Fires in the Mind

Get kids to chart their progress

“Interviewing is my challenge,” said the high school student you see in this video, as he began his journalistic internship at Educational Video Center (EVC) in New York City. To chart his progress, his teacher gave him the camera and asked him to document how he developed the art of asking questions.

One of the finest examples of “rigor and relevance” in the world, EVC workshops not only provide students with academic credit and professional skills; they give them the chance to express themselves and be heard. Teachers learn, too, about how to use videography as a means to develop critical skills and content across the curriculum–and incidentally, as a way for kids to chart their own learning.

This student’s 2-minute piece, made as a “practice video,” is just the beginning of his journey. At EVC, even students who have never succeeded in school before often go on to win awards and scholarships and to work in the media industry. And they start with just such small steps as this: asking questions that matter (“What does it take to get good at interviewing?”) and documenting the answers, as new skills build on each other right before our eyes.

Reach past knowing to imagining

“The technique is your base, and you build on that base and kind of grow up through it into creativity,” said Rosalie. At 16, she had already experienced that when she was performing in musical theater with the school drama club. That’s in fact how experts work–extending their competence by reaching beyond to something not previously imagined. So how can we move that into academics, organizing units and semesters so that students move from a base of fundamental techniques to reach the level of creativity?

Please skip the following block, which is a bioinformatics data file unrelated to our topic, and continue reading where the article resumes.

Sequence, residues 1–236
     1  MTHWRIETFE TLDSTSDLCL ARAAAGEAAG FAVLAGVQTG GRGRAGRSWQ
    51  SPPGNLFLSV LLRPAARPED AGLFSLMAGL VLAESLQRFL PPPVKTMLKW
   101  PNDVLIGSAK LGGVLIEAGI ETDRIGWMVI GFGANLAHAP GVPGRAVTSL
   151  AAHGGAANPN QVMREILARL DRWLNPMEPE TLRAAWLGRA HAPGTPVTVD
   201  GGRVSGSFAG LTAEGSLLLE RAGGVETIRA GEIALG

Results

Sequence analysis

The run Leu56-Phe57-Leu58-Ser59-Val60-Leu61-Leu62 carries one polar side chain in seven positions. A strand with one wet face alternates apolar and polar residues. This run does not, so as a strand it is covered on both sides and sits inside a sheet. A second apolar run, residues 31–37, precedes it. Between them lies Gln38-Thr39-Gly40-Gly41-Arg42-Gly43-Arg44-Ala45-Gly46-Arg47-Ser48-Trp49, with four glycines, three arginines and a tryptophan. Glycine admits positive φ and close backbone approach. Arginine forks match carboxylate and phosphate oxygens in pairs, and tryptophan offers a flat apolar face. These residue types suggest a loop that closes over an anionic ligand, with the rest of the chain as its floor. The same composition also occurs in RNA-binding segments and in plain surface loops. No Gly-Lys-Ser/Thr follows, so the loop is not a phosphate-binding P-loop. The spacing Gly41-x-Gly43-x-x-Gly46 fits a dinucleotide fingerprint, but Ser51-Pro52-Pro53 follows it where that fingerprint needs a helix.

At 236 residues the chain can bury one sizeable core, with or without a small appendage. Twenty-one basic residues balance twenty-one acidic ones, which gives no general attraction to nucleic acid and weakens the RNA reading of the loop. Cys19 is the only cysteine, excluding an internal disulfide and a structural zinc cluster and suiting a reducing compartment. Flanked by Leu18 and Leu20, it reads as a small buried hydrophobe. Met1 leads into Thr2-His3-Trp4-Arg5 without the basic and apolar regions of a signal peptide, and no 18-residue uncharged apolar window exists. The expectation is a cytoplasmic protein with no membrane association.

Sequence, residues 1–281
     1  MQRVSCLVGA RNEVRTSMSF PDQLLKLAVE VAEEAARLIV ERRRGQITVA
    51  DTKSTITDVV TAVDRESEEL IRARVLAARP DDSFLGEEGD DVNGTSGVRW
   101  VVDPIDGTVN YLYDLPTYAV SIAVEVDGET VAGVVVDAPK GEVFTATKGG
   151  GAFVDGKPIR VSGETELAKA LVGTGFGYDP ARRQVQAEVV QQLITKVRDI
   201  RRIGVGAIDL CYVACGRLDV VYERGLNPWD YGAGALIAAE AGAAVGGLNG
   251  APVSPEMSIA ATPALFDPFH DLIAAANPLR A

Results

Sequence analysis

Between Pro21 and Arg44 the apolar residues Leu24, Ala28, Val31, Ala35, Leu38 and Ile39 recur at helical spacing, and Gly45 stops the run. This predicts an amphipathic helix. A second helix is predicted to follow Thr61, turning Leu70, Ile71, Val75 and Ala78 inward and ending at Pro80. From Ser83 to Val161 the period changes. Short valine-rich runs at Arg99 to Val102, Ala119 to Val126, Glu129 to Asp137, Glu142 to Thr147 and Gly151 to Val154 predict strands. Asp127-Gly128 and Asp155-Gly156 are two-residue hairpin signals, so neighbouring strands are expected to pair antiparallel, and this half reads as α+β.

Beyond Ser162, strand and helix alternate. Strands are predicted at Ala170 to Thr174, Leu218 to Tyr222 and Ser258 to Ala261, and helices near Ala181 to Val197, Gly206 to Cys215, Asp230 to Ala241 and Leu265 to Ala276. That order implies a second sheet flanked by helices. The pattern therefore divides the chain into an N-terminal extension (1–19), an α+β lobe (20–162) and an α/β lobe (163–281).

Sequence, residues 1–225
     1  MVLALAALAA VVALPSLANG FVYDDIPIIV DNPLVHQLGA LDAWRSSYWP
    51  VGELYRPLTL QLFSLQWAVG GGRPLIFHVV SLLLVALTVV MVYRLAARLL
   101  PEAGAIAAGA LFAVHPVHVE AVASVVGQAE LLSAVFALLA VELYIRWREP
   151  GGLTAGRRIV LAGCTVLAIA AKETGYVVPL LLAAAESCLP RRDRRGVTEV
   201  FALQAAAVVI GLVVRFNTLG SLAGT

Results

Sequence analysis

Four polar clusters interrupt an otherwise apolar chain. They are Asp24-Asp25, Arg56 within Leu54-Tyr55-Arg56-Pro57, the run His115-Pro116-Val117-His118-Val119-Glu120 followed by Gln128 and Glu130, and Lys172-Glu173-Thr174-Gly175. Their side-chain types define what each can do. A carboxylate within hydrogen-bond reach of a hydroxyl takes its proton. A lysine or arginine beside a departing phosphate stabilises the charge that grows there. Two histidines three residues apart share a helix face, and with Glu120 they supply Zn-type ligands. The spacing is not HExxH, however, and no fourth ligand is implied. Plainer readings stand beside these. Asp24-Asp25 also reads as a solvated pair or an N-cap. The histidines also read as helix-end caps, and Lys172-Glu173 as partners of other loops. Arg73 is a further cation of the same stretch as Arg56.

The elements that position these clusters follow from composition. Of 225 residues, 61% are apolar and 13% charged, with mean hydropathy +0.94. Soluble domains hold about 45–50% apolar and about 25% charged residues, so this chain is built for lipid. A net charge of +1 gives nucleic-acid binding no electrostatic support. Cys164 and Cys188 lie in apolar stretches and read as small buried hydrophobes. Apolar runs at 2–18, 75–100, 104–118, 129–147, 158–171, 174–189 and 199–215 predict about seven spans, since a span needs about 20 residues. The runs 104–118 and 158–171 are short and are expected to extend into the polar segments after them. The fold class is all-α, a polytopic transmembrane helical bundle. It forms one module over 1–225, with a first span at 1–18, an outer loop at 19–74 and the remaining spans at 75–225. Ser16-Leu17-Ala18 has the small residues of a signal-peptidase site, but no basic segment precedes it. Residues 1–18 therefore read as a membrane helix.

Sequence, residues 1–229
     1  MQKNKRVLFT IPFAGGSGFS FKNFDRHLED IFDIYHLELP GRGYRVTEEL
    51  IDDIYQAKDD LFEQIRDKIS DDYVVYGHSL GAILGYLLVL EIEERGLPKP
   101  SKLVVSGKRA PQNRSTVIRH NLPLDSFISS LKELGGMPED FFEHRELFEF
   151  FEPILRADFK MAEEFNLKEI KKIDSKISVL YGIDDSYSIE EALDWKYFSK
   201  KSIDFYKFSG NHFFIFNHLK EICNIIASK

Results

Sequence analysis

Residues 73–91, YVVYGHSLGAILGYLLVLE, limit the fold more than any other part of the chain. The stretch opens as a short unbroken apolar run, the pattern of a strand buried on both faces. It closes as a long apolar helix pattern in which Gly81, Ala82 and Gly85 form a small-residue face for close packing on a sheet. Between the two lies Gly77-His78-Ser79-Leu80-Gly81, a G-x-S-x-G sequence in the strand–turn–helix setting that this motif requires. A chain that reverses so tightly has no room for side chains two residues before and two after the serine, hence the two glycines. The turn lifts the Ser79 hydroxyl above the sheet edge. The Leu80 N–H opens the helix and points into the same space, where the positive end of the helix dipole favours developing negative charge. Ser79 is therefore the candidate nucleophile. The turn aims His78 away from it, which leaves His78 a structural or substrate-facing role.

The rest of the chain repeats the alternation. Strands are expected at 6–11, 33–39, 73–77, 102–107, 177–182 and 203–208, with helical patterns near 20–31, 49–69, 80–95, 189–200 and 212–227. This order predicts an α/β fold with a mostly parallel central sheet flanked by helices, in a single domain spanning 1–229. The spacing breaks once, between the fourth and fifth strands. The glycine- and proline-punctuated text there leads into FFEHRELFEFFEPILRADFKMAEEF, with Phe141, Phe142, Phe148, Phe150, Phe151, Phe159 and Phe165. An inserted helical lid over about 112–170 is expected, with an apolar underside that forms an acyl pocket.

TIP! Encourage publicly and privately

Students want their efforts to be acknowledged, but (especially in early adolescence) they often have ambivalent feelings about being praised in front of peers. Brandie liked that her middle school English teacher posted encouraging notes about student work on a bulletin board at every week’s end. “She’d fold the notes up with your name on them, so nobody else could read them,” Brandie said. What are some creative ways you have found to give positive and personal feedback to students?

TIP: Treat mistakes as opportunities

“When people are only faced with their failures, they tend to want to give up,” said Iona, a student in East Harlem, NY. “We need help to see our own progress, so that we don’t only see how bad we are doing.”

The most effective teachers regard mistakes and even failures as interesting steps along the way to understanding. What creative and effective ways have you found for giving positive feedback to learners who don’t “get it right”?

I’ll send a complimentary copy of Fires in the Mind to the best answers submitted this week.

TIP! Play it out

“That’s not fair!” “We were there first!” Creative play gives kids practice in negotiating, pretending and imagining, rethinking and revising, arguing and demonstrating, taking leaps, inventing new realities beyond self-interest and kinship. It’s crucial daily practice in democratic habits, says Deborah Meier in Playing for Keeps, her new book with Brenda Engel and Beth Taylor about a public school playground.

TIP! Chart how far you’ve come

For an end-of-year wrap-up, ask kids to look back and write down (or draw, or photograph) one thing they can tell they got better at this year (academic, interpersonal, etc.). Then celebrate their progress by making a display in your classroom!

TIP! Start small but do it daily

“Hey, three months ago I couldn’t do what I’m doing now,” said Marquis, 15, who took up Japanese language study because of his interest in anime cartoons. “Let’s see what I can do in another three months! When somebody’s helping you all the way, inch by inch, you keep pushing yourself.”

Kids and adults alike feel awkward and clumsy when we’re first stretching for a new skill. It helps to pick just one part of what you’re going for, and keep practicing it till it becomes a habit. (Don’t forget to cheer for that progress before moving on to the “new hard”!)

TIP! Watch for great models

“If I meet a musician I look up to, everything he says is like it was bolded out,” said Mike, a 16-year-old guitar player. Kids, like adults, get inspired to work at something when they see how amazing it looks when done well. We can boost their motivation and persistence by showing them models of great work, and introducing them to experts in our communities.